The Alliance supports the use of the carbon market as a way to finance cookstove projects to the benefit of investors, businesses, and consumers alike, and working closely with ClimateCare in this regard is tremendously important for the Alliance, too.

With half the world’s population still cooking as their ancestors have done since the beginning of human history, the Alliance has its work cut out for it. But we believe our ambitious goal of 100 million households adopting clean cooking solutions by 2020 is quite achievable, and we hope that you and your organization will join our cause to build a world in which cooking does not kill.

Sean Bartlett is the senior communications officer for the Global Alliance for Clean Cookstoves. He can be reached at



Jonathon Porritt: Why it’s important to offset unavoidable emissions

Jonathon PorrittI’m in something of a personal quandary. My new book, ‘The World We Made’ is out this autumn and, as part of my outreach and promotion for that, I’ll be doing a lot of international travel. I won’t be the first environmentalist to be criticised for this, and I have no doubt that I won’t be the last.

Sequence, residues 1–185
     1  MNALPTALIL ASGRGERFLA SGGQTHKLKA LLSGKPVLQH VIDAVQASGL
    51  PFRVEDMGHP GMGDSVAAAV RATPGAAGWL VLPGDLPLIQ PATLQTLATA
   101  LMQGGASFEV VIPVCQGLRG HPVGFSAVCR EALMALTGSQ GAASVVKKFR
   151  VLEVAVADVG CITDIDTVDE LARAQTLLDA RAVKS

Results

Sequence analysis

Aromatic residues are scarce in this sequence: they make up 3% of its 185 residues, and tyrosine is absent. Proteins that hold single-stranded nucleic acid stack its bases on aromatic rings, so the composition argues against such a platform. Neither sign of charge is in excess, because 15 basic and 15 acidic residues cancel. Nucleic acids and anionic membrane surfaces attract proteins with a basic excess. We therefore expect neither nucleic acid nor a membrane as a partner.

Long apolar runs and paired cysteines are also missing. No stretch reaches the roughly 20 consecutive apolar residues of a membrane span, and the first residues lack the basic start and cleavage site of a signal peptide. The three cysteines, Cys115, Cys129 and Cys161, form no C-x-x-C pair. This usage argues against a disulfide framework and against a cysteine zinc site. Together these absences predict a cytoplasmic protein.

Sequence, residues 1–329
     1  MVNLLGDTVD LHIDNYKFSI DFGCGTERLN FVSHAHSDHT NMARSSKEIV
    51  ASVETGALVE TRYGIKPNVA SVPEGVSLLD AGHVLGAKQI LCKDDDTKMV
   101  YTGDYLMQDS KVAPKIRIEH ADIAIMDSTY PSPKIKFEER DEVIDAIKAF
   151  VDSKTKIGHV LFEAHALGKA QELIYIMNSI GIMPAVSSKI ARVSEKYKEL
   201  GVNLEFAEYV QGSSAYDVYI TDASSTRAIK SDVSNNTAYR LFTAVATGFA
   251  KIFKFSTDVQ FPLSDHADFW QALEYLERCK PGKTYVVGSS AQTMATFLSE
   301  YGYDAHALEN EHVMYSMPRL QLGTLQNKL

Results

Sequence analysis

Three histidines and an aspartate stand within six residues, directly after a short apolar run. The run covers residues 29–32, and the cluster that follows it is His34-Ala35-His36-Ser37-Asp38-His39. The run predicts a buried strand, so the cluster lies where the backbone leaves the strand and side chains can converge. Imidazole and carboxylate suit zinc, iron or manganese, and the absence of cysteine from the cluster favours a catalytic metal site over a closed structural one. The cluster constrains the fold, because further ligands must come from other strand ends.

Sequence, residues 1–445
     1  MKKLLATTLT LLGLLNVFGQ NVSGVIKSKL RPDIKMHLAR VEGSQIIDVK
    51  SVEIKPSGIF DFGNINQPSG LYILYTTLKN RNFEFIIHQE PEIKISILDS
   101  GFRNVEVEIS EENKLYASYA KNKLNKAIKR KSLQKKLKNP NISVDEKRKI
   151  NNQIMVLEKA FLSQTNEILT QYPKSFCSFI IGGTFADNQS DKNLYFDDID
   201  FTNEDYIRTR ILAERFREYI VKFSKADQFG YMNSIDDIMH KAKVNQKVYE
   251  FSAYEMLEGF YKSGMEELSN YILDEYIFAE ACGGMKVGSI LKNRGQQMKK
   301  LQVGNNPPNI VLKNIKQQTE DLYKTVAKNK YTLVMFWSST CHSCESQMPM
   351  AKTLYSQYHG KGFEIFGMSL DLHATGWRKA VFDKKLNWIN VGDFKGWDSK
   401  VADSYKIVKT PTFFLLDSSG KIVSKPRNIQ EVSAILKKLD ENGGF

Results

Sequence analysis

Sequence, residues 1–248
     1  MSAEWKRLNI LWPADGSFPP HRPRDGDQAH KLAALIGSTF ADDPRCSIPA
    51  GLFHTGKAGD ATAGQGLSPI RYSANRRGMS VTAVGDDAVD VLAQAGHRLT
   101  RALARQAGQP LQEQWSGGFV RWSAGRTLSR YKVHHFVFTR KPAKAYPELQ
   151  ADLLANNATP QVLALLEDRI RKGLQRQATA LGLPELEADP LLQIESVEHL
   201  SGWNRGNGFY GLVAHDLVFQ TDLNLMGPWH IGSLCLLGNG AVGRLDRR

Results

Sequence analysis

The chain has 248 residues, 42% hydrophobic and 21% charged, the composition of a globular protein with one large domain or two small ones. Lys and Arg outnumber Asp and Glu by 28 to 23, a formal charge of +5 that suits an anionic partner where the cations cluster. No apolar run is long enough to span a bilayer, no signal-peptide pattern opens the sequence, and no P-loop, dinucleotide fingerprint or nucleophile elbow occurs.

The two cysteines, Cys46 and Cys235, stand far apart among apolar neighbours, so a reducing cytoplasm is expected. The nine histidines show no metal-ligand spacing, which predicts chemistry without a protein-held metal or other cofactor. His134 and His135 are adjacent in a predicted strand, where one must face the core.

Beyond that, Forum for the Future is growing, and it’s growing globally. We opened an office in New York back in 2010, which is now thriving. We’ve recently started working out of Mumbai and have just recruited the first staff member for our Singapore office. All hugely exciting. All hugely carbon intensive.

Both this international expansion and the global promotion of my book are strategic decisions that we believe will catalyse change. But they raise a number of questions.

What criteria need to be fulfilled before deciding to get on a plane? How can we measure whether the impact we have in a meeting, at a workshop or a conference justifies the means of travel there? What role does my book have to play in creating a world we all want to be a part of?

As you would expect, we do have a checklist for these decisions, including only flying when the equivalent train journey takes more than six hours and travelling with the most carbon-efficient airline.

Once this exhaustive list has been worked through, and we’re convinced that the journey is justified, we will travel. And, as we would recommend to any of our partners, we then offset that travel.

For many years now Forum for the Future’s offset partner of choice has been climate and development experts ClimateCare. Not only do they offset our business travel, but also our operational emissions – because we have to acknowledge that we, as an organisation, have an impact.